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How Does Peroxide Whiten Teeth?

Everyone would like to have a nice bright smile, so it comes as no surprise that the popularity whitening and bleaching procedures has increased dramatically in the recent years. However, the desire to whiten one’s teeth is not a new phenomenon. Records indicate that ancient Egyptians and Romans were among the first to uncover various methods to whiten teeth.

Everyone would like to have a nice bright smile, so it comes as no surprise that the popularity whitening and bleaching procedures has increased dramatically in the recent years. However, the desire to whiten one’s teeth is not a new phenomenon. Records indicate that ancient Egyptians and Romans were among the first to uncover various methods to whiten teeth. For example, ancient Romans used urine and goat milk to whiten their teeth. This concoction is not as far-fetched as it might first appear. Urine, contains ammonia which is a cleaning agent found in many household products. But today there’s no need to rinse the mouth with urine, which incidentally is usually sterile. Chemistry has given us more effective products.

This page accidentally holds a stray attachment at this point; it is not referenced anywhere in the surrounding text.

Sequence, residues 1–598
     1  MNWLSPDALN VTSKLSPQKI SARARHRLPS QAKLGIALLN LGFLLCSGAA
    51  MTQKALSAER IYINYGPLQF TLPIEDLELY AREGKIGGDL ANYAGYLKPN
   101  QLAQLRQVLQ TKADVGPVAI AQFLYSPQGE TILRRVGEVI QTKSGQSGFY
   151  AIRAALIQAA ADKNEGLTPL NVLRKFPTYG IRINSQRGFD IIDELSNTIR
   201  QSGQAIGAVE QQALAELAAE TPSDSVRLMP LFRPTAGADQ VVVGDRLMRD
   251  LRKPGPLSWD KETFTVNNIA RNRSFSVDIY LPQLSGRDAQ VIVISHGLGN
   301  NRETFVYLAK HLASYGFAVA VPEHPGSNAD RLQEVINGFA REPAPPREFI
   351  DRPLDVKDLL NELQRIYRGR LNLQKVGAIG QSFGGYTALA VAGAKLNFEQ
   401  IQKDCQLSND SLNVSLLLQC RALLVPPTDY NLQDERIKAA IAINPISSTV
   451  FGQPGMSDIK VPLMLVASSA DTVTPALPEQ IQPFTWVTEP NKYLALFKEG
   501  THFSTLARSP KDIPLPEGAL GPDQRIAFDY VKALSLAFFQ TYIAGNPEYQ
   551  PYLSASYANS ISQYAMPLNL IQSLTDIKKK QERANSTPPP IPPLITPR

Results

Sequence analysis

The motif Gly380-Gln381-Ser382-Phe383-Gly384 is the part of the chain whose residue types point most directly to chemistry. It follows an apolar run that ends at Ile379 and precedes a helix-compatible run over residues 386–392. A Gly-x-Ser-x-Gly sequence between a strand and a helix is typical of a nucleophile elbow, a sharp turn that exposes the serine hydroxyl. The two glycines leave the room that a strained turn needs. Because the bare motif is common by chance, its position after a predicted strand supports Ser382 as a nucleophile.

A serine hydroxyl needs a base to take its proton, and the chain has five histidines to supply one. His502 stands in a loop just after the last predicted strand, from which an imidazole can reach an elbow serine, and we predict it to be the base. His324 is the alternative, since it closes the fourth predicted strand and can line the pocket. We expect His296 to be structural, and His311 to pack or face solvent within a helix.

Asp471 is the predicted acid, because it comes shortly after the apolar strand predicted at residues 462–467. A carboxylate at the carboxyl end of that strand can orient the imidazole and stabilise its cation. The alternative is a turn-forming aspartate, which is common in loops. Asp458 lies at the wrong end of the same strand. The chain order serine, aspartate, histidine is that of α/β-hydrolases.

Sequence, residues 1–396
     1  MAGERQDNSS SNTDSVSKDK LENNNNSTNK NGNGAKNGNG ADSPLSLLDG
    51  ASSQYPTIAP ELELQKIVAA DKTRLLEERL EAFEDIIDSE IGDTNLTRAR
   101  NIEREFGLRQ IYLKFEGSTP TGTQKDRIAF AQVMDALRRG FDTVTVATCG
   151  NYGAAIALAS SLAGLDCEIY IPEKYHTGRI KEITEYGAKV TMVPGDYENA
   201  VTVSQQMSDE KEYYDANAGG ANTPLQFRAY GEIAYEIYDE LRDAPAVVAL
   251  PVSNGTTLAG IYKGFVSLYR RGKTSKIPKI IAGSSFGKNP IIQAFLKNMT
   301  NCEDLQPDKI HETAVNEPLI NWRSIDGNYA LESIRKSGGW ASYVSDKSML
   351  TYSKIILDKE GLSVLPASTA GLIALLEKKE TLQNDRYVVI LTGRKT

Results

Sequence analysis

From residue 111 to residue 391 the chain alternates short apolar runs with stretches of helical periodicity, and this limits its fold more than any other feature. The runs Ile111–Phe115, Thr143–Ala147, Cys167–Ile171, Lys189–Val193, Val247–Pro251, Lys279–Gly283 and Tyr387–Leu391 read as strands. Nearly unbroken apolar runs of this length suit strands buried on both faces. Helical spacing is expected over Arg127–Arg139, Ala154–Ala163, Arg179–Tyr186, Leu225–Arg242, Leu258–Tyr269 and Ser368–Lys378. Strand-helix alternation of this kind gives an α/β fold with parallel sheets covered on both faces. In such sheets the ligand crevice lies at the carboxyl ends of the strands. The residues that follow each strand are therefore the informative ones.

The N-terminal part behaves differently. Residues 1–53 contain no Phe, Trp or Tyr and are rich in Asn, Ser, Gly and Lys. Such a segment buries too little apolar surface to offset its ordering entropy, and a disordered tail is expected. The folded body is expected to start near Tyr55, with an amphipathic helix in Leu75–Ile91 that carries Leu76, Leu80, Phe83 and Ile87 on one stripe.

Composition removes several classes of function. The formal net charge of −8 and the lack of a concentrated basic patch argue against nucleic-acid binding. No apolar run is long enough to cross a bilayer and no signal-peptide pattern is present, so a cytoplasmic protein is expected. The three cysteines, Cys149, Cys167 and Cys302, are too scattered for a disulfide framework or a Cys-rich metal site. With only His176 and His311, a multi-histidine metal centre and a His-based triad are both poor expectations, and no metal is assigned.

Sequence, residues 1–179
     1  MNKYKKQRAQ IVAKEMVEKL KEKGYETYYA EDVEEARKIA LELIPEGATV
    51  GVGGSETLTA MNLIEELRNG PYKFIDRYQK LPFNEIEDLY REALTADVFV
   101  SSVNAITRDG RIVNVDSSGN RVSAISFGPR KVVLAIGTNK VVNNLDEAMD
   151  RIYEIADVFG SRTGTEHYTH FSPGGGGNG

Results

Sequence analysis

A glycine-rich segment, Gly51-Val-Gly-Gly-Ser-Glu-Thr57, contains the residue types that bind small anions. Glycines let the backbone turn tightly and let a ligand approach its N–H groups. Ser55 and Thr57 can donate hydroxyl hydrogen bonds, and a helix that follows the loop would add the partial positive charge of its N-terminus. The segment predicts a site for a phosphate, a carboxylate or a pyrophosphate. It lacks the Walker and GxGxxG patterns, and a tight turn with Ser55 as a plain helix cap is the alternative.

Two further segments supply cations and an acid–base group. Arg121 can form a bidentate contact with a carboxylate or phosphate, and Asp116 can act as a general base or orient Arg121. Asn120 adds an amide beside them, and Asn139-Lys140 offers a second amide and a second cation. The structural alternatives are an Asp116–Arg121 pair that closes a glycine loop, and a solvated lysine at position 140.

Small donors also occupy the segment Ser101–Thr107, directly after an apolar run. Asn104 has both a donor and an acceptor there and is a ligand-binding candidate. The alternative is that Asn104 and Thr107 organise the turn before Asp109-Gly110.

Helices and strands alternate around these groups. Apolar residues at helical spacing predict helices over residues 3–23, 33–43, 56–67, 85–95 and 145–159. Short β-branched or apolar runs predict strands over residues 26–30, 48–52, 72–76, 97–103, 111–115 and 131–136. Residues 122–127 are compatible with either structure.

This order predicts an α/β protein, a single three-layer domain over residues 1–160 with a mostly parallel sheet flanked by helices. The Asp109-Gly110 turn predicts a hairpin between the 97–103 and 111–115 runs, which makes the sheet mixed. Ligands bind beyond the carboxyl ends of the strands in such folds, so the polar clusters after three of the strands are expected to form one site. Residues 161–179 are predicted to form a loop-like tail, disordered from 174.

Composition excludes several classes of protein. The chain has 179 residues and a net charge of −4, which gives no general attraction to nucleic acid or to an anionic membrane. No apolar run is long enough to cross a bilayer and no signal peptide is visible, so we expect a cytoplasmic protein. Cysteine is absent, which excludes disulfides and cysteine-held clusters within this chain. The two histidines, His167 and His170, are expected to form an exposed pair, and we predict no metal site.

The American Dental Association (ADA) monitors the use of these various tooth-whitening products.  Despite the diversity, there are two basic mechanisms of action to whiten teeth. The non-bleaching products, such as whitening toothpastes, contain chemical agents, which simply remove surface stains and debris in order to restore the tooth’s surface colour. By contrast, the peroxide-containing bleaching products work by actually changing the colour of the tooth.

The majority of bleaching products contain carbamide peroxide which breaks down into hydrogen peroxide and urea. The active bleaching agent is hydrogen peroxide, H2O2. This compound is a weak acid with strong oxidizing properties. Hydrogen peroxide attacks and destroys the coloured substances that cause stains. Oxidizing agents steal electrons and since electrons are the “glue” that hold atoms together in molecules, the molecules that cause stains to fall apart.

As with any intervention there is always the possibility of side effects. Tooth sensitivity has been reported to occur during the early stages of the bleaching treatment. During the later stages, tissue irritation may develop causing minor discomfort. Both of these side effects will subside once the bleaching treatment ceases. Unfortunately, there have been some cases in which irreversible tooth damage has occurred, usually through improper application. The time the bleaching agent is left on is critical and can best be judged by a dentist. Whitening strips are safe enough, but not very effective. And if you want really pearly whites, a dentist will be happy to discuss veneers and caps.